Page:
I am in a dilemma. See, I am not sure if I can rate this book a two or a three. I initially bought this book when I read the excerpt on Shana Galen’s site and was immediately captivated by the plot. Unfortunately, I was a little bit disappointed about the whole plot.
The story starts off with Warrick Fitzhugh, an ex-spy, who is looking for a traitor out to get the Diamonds in the Rough, an elite spy team during the Napoleon wars, which he is a member of. His search for the traitor leads him to Maggie, aka Fallon, The Marchioness of Mystery, a courtesan and hailed as one of the Three Diamonds of the demimonde. He sneaks into her room and when he meets her there, sparks immediately fly between them. Fallon is blackmailed into assisting in finding the traitor in exchange for keeping her real identity a secret. Both go into spy mode and dig into the underbelly to smoke out the killer. It is finally revealed that the assassin hired to kill Warrick is Fallon’s father who she thought she killed when she was 15. In the end, both of them defeat Joseph Bayley (Fallon’s father) however it is still unknown who the traitor is.
Initially, I enjoyed the book a lot. I loved the mystery and the action woven into the whole story and I enjoyed the chemistry between the two protagonists. Unfortunately, I also have to say that I was puzzled by Warrick’s true purpose in asking for Fallon’s help. It seemed like Galen wrote in that Warrick just wanted Fallon with him as bait to use against Joseph Bayley! That doesn’t sound like a hero to me! Not only that but he dragged Fallon around Seven Dials in the dead of the night for no apparent reason at all. I felt that those excursions were only written in to add contact between the two characters and Fallon’s role did not really serve a significant purpose. I also thought that Warrick was the real reason why Fallon was in danger in the first place! In fact, if he didn’t drag her around with him, she would have been safe and her father would have not abducted her. Because of this, I felt that that Warrick was not a true gentleman at all.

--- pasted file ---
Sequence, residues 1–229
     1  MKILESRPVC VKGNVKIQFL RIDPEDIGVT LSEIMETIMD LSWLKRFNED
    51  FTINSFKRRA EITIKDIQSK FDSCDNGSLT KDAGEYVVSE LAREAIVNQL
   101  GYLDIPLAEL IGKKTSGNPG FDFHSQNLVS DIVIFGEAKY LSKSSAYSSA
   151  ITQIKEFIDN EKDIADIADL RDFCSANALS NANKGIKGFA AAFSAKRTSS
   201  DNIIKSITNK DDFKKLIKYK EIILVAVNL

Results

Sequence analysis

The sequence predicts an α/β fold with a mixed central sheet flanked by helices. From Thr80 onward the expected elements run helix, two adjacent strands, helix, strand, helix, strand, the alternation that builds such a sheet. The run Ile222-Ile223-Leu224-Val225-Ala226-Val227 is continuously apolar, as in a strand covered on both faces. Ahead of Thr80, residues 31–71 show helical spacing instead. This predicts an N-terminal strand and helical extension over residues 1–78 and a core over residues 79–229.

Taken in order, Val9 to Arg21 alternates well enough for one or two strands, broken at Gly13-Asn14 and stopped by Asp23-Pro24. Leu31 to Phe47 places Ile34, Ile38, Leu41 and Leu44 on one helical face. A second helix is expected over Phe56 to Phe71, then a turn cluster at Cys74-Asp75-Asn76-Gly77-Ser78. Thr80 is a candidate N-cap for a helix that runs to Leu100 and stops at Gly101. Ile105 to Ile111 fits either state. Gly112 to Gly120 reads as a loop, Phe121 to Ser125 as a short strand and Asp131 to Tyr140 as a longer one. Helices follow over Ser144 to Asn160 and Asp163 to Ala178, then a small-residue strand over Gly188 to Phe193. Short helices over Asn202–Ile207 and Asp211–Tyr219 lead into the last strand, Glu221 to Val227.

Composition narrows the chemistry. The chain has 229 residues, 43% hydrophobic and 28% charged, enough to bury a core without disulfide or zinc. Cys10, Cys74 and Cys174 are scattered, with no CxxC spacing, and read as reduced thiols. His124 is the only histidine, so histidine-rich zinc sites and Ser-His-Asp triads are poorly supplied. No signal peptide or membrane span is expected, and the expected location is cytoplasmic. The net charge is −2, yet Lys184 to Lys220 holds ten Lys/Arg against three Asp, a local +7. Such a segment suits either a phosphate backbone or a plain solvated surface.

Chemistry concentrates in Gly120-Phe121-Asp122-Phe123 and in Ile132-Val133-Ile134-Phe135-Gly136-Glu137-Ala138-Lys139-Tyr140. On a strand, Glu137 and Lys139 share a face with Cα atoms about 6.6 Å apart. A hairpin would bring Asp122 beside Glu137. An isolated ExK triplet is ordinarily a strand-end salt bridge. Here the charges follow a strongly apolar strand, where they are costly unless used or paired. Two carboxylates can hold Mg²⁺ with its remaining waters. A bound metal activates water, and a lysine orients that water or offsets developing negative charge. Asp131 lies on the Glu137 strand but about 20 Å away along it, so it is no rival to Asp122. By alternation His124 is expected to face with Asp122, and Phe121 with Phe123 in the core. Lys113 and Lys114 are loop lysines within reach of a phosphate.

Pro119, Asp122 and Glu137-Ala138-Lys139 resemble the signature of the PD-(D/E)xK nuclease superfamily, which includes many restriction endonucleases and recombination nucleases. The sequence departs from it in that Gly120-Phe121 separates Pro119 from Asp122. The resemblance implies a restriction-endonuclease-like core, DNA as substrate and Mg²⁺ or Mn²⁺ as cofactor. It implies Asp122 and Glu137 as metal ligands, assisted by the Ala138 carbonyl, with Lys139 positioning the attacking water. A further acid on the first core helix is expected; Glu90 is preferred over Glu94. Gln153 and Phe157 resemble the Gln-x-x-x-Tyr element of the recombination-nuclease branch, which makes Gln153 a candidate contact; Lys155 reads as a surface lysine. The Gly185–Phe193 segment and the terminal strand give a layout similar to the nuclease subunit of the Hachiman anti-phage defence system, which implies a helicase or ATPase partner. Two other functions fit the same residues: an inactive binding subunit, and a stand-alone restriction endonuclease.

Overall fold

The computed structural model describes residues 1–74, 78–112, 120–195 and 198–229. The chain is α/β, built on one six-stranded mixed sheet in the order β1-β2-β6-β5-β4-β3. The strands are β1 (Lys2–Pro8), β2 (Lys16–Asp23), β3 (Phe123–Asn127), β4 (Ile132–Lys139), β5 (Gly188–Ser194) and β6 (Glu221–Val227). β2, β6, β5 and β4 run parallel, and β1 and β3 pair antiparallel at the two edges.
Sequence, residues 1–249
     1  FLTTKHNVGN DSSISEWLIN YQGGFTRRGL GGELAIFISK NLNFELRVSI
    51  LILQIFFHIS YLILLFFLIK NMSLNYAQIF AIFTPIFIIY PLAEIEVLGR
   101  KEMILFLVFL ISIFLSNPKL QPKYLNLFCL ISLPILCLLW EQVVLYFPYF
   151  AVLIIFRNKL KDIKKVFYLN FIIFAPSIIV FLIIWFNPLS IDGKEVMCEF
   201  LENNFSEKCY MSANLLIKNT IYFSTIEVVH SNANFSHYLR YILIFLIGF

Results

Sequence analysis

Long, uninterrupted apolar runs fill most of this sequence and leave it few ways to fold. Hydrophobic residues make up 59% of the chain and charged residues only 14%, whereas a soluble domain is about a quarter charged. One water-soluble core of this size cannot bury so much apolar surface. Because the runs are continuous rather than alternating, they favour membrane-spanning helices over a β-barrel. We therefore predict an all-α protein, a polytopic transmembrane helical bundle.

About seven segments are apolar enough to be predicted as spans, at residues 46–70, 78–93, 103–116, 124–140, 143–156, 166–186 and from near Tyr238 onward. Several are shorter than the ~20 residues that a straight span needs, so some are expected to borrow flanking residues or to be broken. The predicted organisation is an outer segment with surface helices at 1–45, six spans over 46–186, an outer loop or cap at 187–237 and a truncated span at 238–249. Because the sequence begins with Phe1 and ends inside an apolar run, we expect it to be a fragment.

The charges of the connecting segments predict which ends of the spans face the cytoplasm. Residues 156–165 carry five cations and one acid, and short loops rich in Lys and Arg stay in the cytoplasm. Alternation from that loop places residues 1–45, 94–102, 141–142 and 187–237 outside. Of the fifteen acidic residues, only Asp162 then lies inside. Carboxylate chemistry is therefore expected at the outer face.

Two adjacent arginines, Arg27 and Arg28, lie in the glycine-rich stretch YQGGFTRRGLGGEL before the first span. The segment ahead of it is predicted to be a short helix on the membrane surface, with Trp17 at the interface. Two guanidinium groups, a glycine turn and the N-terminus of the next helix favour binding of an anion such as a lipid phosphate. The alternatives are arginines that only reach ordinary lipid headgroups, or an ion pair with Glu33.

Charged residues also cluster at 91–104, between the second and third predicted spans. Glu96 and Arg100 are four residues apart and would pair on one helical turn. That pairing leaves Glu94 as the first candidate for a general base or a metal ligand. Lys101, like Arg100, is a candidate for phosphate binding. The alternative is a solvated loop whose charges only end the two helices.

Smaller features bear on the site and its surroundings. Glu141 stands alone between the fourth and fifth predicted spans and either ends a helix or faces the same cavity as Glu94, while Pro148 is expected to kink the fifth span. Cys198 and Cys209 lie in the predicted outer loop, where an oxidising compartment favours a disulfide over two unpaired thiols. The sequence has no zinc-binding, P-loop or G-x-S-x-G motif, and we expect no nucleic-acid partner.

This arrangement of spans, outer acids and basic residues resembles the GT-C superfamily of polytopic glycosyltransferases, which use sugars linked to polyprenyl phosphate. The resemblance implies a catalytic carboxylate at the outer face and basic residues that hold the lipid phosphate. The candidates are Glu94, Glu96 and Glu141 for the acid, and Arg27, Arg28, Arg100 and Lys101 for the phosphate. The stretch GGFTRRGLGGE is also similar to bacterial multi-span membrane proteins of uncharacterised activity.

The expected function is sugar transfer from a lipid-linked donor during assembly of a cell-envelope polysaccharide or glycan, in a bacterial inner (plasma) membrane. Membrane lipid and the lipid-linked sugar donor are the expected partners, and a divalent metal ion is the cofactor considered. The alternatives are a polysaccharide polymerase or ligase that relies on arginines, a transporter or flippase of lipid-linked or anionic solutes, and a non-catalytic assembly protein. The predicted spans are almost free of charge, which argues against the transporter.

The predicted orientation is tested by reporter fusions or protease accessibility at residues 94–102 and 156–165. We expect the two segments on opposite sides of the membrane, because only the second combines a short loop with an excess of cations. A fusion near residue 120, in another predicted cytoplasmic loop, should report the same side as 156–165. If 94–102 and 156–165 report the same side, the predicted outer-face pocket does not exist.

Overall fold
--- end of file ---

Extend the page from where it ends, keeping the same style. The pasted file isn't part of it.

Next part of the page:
I did give Galen points in writing in each of the character’s back story; most especially Warricks PTSD. I loved reading about the flashbacks which made me understand Warrick. I also enjoyed the steamy scenes between the two. All scenes were nicely written and did not feel tawdry at all.
I also thought the end a bit too abrupt and too convenient. It was also stated by Lady Sinclair (the lady who rescued Fallon from the streets) that Warrick’s brother would not accept Fallon and was very rigid in her views and yet, she easily accepted her into the family! I would not want there to be another villain in the story but please, I thought she would have been to aristocratic to accept a courtesan to the family! Warrick’s father, accepting him was also too convenient. In fact, they had a prior encounter before the ball and he had already given Warrick his ultimatum that he would not accept a courtesan into the family and then he turned a full 360 degrees and went ahead and accepted Fallon with open arms. What? *scratches head*
Another thing that bothered me was right after Warrick spoke with his father, he avoided Fallon and did not let her know that their plans to attend the ball together were still on. He WAS thinking about marrying the girl his family had arranged for him and DID NOT plan on taking Fallon with him (despite him proclaiming that he loved her and will take her to meet his parents) until the last possible minute! In Fallon’s defense, she did go without Warrick as a guest of Lady Sinclair where she found Warrick dancing in the arms of another woman! And to top it off, she immediately forgave him just like that! *sigh*
The end also gives us a hint as to the third installment of the series would be about. We also see quite a few scenes of Lily in this book and I have a rough idea as to what she is.
All in all, it is a fun read but not worth purchasing a book for. I may or may not read the next book in the series.